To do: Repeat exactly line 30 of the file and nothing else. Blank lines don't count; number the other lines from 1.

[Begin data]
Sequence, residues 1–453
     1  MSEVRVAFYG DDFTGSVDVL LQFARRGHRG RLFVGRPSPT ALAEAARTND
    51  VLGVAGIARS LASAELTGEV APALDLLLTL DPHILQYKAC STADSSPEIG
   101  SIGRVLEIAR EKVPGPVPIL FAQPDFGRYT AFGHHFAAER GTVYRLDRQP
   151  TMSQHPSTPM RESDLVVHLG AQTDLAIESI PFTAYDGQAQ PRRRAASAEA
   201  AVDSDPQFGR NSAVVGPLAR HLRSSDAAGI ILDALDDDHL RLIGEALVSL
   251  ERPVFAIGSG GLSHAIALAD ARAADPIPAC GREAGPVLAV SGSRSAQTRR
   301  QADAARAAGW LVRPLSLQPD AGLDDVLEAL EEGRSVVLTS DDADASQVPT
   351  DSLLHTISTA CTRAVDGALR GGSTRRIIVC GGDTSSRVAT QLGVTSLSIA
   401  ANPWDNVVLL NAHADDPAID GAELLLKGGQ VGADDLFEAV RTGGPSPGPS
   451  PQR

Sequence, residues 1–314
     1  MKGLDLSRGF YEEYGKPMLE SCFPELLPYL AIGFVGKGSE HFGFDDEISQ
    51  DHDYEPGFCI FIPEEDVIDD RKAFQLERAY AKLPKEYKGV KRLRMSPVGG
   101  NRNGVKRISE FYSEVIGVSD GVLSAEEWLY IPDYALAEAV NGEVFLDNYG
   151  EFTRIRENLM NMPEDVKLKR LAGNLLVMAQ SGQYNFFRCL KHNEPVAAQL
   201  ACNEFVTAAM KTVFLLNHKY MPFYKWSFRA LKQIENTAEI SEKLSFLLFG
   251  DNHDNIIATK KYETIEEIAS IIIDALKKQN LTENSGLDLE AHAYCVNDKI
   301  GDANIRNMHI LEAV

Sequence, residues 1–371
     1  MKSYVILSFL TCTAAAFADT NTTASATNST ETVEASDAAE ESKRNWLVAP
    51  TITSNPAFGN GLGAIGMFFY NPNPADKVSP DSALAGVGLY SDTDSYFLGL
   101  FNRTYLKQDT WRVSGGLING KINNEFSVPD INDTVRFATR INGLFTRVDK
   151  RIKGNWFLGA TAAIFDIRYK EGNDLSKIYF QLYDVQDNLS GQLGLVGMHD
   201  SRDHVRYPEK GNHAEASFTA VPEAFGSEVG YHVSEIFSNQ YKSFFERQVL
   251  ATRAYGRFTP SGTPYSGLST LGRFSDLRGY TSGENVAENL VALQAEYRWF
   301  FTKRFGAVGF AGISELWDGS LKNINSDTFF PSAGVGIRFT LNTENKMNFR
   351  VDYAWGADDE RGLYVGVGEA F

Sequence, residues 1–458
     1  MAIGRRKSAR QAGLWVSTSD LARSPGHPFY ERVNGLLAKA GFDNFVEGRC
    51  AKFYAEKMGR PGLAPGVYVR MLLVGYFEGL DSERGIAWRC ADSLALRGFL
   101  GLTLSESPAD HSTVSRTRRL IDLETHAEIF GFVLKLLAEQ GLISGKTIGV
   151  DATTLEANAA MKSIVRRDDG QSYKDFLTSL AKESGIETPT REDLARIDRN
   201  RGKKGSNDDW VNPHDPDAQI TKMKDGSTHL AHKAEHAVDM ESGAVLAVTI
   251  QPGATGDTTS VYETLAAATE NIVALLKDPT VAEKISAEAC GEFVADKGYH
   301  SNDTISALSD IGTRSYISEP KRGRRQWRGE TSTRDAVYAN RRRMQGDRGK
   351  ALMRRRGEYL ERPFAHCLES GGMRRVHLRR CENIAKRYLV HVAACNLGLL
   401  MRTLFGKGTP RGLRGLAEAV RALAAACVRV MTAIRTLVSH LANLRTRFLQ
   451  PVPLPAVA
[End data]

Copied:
     1  MAIGRRKSAR QAGLWVSTSD LARSPGHPFY ERVNGLLAKA GFDNFVEGRC